Rip Currents and Waves
Waves are caused by wind blowing over the surface of the ocean. The longer, stronger and further it blows, the bigger the waves will be.
There are three kinds of waves:
Where the beach is relatively steep waves can break with considerable force. It can be dangerous to swim in these waves. They are a common cause of broken limbs and back injuries, take care!
The crest of a spilling wave tumbles down the front. If the sandbank where it breaks is shallow, the spilling crest will form a 'tube'. These are the best waves for body surfing.
These never break, because the water beneath them is deep, but they can knock people off their feet and drag them back out.
A rip is a strong current running out to sea. Rips are the cause of most rescues performed at beaches.
A rip usually occurs when a channel forms between the shore and a sandbar, and large waves have built up water which then returns to sea, causing a drag effect.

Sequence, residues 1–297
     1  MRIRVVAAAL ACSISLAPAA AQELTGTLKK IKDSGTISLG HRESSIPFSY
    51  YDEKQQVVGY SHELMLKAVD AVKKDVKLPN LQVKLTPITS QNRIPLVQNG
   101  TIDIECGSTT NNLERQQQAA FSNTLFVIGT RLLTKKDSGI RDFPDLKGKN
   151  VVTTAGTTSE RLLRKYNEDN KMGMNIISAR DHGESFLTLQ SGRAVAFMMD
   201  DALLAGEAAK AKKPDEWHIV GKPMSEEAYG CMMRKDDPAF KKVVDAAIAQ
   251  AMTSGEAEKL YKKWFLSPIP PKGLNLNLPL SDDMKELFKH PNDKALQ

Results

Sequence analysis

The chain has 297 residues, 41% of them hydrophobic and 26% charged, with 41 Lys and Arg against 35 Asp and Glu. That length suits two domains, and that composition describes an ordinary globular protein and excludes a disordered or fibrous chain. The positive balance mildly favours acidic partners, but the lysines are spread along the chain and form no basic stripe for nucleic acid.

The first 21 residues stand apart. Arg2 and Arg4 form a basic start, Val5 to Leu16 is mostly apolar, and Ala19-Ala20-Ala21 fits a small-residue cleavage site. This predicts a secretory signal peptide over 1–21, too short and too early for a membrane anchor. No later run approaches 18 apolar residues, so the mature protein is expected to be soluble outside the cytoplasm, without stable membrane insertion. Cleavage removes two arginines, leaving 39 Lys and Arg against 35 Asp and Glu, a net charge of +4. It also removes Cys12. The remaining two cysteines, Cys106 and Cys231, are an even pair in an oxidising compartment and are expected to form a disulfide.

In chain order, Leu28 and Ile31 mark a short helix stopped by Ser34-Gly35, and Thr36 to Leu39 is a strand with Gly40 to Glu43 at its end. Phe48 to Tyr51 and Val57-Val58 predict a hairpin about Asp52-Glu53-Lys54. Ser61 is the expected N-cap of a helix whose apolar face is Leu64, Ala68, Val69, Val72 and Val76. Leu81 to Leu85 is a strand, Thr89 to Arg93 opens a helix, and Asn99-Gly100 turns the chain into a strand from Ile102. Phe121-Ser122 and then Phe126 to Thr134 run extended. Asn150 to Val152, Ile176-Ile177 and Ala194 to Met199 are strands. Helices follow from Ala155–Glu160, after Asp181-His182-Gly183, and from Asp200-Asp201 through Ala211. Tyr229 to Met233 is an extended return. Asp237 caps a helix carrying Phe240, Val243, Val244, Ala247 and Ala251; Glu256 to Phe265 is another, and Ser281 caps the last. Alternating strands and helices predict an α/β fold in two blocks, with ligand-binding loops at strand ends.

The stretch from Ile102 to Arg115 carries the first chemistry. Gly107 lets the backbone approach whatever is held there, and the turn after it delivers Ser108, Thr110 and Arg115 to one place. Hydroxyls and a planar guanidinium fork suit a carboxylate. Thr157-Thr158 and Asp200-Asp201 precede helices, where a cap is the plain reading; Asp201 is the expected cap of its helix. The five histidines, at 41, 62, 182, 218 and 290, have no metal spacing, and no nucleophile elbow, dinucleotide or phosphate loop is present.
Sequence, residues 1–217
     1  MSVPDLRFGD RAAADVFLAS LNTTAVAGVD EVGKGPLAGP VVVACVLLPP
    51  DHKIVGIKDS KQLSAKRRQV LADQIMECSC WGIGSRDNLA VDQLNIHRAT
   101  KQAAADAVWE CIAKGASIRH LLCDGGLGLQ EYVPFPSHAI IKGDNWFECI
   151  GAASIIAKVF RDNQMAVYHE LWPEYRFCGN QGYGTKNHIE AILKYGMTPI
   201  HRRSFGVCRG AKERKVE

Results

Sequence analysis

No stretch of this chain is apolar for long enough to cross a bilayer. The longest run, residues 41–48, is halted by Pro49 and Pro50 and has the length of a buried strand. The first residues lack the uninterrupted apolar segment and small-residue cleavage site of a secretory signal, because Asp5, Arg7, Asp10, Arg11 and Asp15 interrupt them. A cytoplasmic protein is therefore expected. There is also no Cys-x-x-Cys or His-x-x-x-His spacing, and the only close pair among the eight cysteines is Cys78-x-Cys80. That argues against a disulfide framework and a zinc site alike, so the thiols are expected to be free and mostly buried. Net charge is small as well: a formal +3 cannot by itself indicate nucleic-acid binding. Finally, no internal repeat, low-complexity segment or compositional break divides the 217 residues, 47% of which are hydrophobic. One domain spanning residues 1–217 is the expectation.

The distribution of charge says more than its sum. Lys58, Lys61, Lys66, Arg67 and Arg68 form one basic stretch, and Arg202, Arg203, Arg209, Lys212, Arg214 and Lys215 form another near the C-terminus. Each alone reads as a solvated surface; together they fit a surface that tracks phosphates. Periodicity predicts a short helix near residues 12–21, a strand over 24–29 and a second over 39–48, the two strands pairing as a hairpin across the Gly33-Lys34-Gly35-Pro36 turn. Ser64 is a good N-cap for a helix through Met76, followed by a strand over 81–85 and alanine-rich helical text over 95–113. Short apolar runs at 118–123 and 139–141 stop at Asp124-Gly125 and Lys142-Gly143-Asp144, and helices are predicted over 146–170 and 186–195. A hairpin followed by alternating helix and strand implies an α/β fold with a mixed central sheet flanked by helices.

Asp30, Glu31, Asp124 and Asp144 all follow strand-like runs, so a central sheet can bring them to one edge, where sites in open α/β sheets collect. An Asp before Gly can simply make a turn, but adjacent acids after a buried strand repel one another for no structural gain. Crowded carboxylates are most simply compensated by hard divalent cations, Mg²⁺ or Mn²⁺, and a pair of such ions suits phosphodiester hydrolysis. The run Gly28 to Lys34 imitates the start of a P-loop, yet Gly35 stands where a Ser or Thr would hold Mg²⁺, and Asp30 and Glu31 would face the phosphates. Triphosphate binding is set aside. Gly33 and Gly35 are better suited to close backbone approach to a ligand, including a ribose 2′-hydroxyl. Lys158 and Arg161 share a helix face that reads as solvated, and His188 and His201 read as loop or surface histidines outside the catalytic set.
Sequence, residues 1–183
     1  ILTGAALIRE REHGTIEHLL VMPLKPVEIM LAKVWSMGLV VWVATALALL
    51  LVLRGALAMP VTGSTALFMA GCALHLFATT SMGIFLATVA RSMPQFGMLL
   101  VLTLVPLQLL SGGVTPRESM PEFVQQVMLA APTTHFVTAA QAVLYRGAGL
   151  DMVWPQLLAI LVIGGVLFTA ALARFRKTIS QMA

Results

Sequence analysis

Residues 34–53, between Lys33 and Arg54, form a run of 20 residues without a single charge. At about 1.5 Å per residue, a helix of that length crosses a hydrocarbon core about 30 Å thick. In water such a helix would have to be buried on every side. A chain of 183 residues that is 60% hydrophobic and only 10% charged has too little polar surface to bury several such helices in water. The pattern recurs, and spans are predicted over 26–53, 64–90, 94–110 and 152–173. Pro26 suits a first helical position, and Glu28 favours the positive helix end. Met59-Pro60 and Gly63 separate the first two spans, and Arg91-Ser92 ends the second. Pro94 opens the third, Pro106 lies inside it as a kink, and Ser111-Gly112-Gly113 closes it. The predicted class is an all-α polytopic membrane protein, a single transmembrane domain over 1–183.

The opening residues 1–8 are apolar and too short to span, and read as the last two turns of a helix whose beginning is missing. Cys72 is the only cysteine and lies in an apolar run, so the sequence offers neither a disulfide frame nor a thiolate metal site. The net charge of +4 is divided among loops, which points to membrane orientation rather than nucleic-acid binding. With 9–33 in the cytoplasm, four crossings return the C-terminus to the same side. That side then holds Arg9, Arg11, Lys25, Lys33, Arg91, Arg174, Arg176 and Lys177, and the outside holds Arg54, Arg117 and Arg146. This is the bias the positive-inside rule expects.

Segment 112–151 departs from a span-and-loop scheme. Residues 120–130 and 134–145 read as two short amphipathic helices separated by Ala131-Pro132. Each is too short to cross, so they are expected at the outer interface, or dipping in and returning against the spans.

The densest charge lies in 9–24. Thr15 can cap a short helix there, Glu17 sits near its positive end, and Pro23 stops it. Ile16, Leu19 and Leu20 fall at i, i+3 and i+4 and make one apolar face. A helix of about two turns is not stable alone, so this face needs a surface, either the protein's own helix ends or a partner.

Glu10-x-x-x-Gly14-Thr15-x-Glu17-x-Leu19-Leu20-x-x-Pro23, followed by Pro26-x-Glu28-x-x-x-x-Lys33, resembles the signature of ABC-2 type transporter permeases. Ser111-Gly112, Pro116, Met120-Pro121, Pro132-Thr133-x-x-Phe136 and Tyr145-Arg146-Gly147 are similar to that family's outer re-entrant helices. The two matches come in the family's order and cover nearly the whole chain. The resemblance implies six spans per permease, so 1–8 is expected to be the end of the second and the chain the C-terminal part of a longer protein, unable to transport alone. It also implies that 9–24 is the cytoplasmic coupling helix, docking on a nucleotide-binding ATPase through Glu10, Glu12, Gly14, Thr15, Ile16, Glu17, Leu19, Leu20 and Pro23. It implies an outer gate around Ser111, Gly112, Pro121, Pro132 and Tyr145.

The larger the surf, the stronger the rip. Rips are dangerous as they can carry a weak or tired swimmer out into deep water.
Rip Current Signs
- Darker colour, indicating deeper water.
- Murky brown water caused by sand stirred up off the bottom.
- Smoother surface with much smaller waves, alongside white water (broken waves).
- Waves breaking further out to sea on both sides of the rip.
- Debris floating out to sea.
- A rippled look, when the water around is generally calm.
What to do if you get caught in a rip?
- Don't Panic - stay calm.
- Float with the current, don't fight it.
- Swim parallel to the shore for about 30 - 40m until you reach the breaking wave zone, then swim back to shore or signal for help.
- Remember to stay calm and conserve your energy.